Although I support the idea here, I'd like to add a point of caution. At least on PPCG, we often see someone find a trivial (and often ill-fitting) question via Hot Network Questions, post an answer (this is easy, as a trivial question on PPCG tends to allow a large number of trivial distinct answers and thus it's easy to find one that hasn't been given), and then get upvoted by other Hot Network Questions visitors. This tends to lead to a self-reinforcing cycle of reputation gain among people who are new to the site, which often gets well out of control and gives people privileges well before they have experience with how they work on the site (this is an extreme example, but the same thing happens to a lesser extent frequently). Based on the other comments here, I don't think this is an issue that's unique to PPCG either.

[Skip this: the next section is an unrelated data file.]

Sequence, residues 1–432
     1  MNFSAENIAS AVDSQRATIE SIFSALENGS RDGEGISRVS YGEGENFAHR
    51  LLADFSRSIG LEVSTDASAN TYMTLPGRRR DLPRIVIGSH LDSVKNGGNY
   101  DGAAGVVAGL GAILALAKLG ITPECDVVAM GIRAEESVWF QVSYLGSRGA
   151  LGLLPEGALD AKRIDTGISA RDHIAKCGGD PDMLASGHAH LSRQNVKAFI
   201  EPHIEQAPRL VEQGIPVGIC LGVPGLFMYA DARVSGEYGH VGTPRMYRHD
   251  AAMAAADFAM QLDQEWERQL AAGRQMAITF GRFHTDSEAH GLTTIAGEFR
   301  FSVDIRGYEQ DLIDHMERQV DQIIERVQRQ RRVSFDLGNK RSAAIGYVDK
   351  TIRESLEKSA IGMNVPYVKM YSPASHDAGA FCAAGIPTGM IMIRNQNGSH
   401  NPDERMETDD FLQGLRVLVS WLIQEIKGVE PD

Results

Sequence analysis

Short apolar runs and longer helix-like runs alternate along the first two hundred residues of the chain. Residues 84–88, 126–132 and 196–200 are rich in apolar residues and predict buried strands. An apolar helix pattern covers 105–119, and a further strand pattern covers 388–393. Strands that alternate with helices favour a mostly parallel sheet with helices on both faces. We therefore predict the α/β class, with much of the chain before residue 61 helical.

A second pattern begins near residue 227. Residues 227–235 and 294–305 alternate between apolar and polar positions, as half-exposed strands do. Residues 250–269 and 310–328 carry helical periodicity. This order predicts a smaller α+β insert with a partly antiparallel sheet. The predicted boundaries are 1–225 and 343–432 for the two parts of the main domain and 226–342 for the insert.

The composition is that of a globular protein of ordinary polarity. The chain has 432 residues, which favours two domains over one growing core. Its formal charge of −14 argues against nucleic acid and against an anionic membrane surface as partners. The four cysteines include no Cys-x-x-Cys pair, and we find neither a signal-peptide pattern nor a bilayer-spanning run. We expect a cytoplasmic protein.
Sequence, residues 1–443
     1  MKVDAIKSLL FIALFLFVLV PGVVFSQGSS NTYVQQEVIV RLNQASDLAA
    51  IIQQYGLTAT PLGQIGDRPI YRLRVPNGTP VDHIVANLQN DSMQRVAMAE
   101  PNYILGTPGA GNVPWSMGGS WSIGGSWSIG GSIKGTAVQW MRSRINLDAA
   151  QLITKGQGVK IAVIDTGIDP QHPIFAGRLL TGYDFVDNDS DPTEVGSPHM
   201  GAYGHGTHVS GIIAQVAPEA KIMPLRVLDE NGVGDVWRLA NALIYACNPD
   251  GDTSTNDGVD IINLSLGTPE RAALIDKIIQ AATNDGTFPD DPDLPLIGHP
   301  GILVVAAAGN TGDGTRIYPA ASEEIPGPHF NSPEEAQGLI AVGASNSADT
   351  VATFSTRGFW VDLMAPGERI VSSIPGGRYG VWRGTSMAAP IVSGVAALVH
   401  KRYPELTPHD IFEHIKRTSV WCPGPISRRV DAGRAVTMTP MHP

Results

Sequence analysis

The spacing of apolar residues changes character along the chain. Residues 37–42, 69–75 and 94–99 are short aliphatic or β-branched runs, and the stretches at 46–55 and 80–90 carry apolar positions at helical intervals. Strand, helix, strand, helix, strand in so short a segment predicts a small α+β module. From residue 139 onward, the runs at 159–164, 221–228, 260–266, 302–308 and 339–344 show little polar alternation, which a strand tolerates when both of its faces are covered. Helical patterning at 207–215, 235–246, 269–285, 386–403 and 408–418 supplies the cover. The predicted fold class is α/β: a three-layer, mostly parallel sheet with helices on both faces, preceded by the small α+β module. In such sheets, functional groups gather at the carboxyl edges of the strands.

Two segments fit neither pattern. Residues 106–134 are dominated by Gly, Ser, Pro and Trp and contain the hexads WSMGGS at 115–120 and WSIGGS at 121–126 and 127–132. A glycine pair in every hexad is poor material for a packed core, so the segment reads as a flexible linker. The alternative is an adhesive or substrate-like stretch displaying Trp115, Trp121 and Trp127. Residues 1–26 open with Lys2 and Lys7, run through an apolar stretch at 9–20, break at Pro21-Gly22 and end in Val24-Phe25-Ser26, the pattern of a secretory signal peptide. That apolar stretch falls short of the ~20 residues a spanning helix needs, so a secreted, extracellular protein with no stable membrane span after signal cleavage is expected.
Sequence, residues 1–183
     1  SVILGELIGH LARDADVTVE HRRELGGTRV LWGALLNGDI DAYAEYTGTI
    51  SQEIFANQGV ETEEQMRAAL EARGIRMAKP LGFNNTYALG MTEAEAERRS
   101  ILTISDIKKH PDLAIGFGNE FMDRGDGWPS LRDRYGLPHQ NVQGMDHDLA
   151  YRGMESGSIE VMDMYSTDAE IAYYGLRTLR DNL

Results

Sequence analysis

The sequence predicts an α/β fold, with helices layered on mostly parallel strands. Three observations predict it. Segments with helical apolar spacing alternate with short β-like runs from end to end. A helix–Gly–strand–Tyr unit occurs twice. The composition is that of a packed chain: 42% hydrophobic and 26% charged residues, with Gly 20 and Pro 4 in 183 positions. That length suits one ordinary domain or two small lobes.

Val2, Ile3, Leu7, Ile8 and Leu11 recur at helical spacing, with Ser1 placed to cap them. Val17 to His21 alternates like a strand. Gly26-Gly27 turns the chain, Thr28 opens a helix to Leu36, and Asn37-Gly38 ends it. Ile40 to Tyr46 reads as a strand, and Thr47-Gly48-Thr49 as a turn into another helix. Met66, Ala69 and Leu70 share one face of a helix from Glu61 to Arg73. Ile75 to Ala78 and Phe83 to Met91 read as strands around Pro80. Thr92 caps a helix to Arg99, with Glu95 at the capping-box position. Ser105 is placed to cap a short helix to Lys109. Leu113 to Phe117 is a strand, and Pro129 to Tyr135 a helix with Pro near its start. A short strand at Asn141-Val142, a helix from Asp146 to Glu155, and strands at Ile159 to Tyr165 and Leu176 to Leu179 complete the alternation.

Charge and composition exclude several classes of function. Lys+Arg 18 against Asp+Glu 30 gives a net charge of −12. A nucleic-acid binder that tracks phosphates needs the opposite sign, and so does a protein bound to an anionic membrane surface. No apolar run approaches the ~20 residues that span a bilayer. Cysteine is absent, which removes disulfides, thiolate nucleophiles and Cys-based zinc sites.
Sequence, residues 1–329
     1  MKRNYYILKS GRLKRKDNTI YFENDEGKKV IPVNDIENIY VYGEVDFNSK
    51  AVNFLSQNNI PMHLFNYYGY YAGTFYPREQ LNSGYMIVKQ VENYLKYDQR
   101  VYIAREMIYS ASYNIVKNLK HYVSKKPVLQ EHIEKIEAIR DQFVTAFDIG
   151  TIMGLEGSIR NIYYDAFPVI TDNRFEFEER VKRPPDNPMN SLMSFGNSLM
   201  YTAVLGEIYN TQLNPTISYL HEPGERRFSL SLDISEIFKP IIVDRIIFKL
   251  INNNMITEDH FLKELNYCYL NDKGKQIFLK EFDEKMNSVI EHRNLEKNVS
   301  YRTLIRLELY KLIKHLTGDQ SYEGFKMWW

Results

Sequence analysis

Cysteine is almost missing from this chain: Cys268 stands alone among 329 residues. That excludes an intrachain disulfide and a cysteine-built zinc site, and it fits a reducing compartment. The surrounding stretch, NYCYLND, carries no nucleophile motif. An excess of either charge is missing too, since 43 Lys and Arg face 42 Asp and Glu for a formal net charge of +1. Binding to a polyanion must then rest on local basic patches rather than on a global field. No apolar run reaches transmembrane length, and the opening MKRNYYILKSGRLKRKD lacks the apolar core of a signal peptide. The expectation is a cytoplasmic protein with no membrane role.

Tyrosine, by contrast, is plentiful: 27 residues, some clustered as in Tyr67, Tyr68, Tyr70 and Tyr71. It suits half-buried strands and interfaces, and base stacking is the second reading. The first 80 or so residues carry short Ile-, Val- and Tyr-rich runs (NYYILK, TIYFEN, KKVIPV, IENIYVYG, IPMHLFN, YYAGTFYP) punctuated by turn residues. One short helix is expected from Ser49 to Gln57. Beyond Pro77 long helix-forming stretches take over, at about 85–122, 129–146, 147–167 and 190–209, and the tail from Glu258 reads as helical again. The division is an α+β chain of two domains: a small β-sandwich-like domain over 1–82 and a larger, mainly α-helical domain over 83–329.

As such, any approach based on reputation should probably exclude not only the reputation from the association bonus, but also any reputation gained from the question itself. As written, the proposal is likely to help (because drive-by upvotes are, on most sites, more common than drive-by answers), but not to the extent that people are likely hoping.


I think that a much simpler solution would be to move the "right to upvote" up to 125 reputation points, commensurate with the "right to downvote".